"I have been crucified with Christ; it is no longer I who live, but Christ who lives in me..." (Galatians 2:20)
According to theologian Oswald Chambers, the verse above means:
"the breaking and collapse of my independence brought about by own hands, and the surrendering of my life to the supremacy of the Lord Jesus [...] It means breaking the hard outer layer of my individual independence from God, and the liberating of myself and my nature into oneness with Him; not following my own ideas, but choosing absolute loyalty to Jesus" (My Utmost for His Highest).
"So I say, let the Holy Spirit guide your lives. Then you won't be doing what your sinful nature craves. The sinful nature wants to do evil, which is just the opposite of what the Spirit wants. And the Spirit gives us desires that are opposite of what the sinful nature desires. These two forces are constantly fighting each other, so you are not free to carry out your good intentions. BUT when you are directed by the Spirit, you are not under obligation to the law of Moses" (Galatians 5:16-18). Earlier in the Bible Paul explains that if we have accepted Christ as our savior, then we are not controlled by our sinful nature, but we are controlled by the Spirit of God living in us (Romans 8:9).
So it all comes down to the idea of letting go of myself and my own independence to choose that which is antithetical to the world's cries for free-choice, for doing what makes us happy. This liberation means that I must exercise my independence by deliberately turning away from my own self-reliance (no matter how much I love Emerson's essay, "Self-Reliance") and relying instead on the help of the Holy Spirit to submit entirely to God.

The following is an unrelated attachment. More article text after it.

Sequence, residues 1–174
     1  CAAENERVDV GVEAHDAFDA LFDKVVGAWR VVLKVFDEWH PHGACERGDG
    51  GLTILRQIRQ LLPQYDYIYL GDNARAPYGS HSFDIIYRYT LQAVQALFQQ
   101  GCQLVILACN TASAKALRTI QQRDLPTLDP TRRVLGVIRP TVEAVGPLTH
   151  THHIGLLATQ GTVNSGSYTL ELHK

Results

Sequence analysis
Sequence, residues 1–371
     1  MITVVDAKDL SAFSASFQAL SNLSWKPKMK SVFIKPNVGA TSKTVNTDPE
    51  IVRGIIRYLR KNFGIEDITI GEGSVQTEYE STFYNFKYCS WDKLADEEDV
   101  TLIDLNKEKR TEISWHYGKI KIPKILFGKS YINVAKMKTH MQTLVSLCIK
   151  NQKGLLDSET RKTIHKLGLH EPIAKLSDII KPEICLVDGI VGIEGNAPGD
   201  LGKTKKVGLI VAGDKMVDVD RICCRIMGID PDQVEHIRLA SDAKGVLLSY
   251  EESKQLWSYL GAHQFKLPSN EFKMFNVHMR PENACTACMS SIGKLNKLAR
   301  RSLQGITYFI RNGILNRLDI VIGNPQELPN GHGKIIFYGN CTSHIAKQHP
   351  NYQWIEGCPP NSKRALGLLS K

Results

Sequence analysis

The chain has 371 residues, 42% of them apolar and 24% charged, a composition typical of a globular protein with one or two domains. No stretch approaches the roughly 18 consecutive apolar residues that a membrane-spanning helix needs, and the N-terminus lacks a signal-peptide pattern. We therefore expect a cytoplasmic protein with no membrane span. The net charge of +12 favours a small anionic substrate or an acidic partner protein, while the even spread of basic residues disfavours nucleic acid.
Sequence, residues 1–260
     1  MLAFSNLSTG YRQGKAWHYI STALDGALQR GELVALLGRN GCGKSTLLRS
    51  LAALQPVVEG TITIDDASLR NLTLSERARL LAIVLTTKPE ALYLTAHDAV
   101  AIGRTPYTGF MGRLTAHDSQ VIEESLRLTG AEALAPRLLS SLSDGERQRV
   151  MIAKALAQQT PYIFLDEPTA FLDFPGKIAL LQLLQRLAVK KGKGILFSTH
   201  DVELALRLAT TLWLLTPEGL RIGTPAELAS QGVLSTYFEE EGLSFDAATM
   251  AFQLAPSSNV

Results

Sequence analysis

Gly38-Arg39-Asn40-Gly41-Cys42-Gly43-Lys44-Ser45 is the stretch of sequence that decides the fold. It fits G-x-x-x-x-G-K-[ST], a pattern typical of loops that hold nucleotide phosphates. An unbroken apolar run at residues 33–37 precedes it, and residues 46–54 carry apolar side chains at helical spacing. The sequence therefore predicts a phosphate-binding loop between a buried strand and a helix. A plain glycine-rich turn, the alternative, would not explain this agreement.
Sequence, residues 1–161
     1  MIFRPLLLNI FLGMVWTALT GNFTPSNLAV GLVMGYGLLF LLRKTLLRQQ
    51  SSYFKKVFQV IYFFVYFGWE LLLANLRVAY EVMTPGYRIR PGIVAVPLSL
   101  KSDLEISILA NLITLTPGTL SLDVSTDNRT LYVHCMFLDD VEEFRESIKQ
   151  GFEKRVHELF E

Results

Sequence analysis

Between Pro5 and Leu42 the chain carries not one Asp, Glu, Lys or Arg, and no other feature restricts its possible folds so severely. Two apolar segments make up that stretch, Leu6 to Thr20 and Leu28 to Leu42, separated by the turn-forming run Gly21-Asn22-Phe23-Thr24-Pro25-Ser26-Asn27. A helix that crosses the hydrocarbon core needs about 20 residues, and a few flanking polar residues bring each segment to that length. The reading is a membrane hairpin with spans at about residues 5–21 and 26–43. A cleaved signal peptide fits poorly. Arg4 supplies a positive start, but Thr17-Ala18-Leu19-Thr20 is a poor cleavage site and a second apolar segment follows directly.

Why would I want to submit to the will of God? This is a tough concept to explain to my friends who aren't believers. For me, it comes down to two reasons: First, the Bible, which I believe to be the word of God that is backed up by historical accounts (what solidifies the Bible as real and true for me is the book of Isaiah paralleled with the gospel accounts despite the huge time lapse between these two), urges this submission. Secondly, I strive to submit to the will of God because I'm just not convinced that my ways are supreme. When I look at my life and the decisions I've made truly on my own, I see how they've not worked out--how they ended in pain, while the decisions I've made (even if I questioned them) after spending time in prayer and fellowship with God, these decisions have resulted in more joy and more fulfillment. I realize this sounds a bet self-serving, and that's not what I intend. Instead, it's just meant to illustrate that the choices I've made on my own have not worked out well for me. It's not easy to shed our independence and submit totally to God, and I'd even argue that this is a choice we make every day. There may be certain seasons in our lives where we are inclined to rely more on ourselves, so it requires some re-focusing every now and then to get our priorities set straight.